The marketing landscape is constantly shifting, with media consumption habits changing radically from what they were just a few years ago.  Onwards Bridge is a new tool in the marketer’s toolbox to make the most out of their viewer’s interaction with your content.  Interested in learning more?  Check out the links below.

Further Reading:
Onwards Bridge
Second-screen experiences: The future of media consumption
EMarketer: 70% of US adults 'second-screen' while watching TV

Onwards Media Group

Why Not Youtube?

Why Not YouTube?

by Dan Karlin,  Last updated: May 30, 2018 at 9:21 am 

For anyone trying to build an audience for their video content, YouTube and other free video hosting sites are an easy way to get started.  YouTube is the biggest player in the free hosting space, but there are plenty of other options out there.  In the U.S., DailyMotion, Facebook, Vimeo, and Wistia are all major players, and pretty much anywhere on the planet there is a free video hosting service of some sort available.

These sites all have a few things in common that make them attractive to individuals or companies that want to make their content available, but I’ll use YouTube as an example.  First off, it’s completely free to get started.  You can upload your videos, do some light editing, and get your content out immediately.  You don’t have to worry about paying for servers, bandwidth, or data delivery.  YouTube has hundreds of millions of unique visitors every month, giving you a gigantic potential audience and a revenue stream through advertising.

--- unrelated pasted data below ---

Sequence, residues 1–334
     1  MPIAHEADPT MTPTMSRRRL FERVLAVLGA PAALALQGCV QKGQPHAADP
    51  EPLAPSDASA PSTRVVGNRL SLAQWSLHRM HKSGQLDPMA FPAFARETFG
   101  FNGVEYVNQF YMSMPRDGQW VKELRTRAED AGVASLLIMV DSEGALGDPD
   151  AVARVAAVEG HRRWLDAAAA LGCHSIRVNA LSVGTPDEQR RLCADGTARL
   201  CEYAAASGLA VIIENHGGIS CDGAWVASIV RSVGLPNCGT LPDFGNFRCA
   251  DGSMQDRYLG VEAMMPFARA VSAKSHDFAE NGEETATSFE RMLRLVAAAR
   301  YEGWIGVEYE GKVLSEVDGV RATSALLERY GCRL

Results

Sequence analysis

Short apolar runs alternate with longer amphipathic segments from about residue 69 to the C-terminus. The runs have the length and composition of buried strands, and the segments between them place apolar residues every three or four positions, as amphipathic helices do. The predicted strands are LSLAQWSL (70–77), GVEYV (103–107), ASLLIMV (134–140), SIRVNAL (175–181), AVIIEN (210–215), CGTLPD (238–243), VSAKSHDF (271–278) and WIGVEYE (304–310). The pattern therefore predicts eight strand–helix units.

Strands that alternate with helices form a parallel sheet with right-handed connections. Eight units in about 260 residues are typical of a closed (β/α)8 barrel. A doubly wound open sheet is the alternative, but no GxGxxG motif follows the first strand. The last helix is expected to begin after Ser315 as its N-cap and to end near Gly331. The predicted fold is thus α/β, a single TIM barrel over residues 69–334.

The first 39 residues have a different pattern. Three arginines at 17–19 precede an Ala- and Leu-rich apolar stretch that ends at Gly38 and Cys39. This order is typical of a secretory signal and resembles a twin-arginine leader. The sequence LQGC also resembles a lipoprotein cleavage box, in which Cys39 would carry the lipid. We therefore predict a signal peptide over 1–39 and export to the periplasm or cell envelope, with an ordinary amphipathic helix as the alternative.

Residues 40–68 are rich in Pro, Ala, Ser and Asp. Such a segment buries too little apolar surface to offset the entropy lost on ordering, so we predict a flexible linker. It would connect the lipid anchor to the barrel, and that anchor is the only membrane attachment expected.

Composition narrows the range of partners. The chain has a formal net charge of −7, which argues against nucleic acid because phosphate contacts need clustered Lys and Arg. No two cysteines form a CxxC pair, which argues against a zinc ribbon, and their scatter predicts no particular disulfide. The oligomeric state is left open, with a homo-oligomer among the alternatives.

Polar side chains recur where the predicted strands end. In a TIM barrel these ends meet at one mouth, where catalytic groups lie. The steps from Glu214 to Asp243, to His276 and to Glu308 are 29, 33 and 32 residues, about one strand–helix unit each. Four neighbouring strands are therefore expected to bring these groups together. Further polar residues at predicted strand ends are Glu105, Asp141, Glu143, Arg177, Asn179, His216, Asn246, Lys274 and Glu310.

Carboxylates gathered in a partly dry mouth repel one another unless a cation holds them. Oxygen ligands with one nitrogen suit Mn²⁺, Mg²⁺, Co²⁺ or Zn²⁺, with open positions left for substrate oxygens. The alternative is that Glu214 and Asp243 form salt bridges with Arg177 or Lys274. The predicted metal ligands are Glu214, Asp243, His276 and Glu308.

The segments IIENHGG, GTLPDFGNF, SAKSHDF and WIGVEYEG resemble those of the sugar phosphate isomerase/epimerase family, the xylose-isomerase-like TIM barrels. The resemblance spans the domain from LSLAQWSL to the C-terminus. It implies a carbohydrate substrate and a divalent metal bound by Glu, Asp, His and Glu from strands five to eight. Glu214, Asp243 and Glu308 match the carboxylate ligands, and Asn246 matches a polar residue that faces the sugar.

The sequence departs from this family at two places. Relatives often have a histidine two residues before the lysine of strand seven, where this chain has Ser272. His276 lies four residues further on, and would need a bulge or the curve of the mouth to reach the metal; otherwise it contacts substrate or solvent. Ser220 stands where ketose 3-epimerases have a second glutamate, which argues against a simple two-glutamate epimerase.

With all these benefits, why would anyone want to host their own video solution?

Ultimately, these “free” video solutions have a few hidden costs, to both your direct revenue stream and to your branding.  Essentially, the more successful your content becomes, the more money you’re leaving on the table.  YouTube doesn’t publish detailed revenue-sharing information, but according to several sources they average somewhere around $1,000 paid to the content creator for every 1,000,000 views.  Looked at from another angle, Facebook publishes their revenue-sharing rate and they keep a full 45% of all ad revenue with the rest going to the content owner.  In either case even a very popular video or stream doesn’t guarantee a giant payday from these industry giants.

Beyond the direct revenue impact, there are marketing and branding opportunities that are lost when you go with “free” video hosting.  First, you don’t get to pick what ads are displayed to your viewers or how those ads are delivered.  Viewers may be getting unwanted pop-ups, in-video displays that may obscure your content while it’s played, and the ads themselves may be for companies you don’t want associated with your brand.  Secondly, with any free hosting solution, you’re buying into that company’s revenue model.

With your own solution you get to decide how the video player operates, total control on viewing experience, and what you want your revenue model to be.  With your own solution you set the relationship between you and your viewers.  Want to sell your own ads or sponsorships?  Want no ads at all and to charge for a subscription?  Moving away from free hosting gives you new options.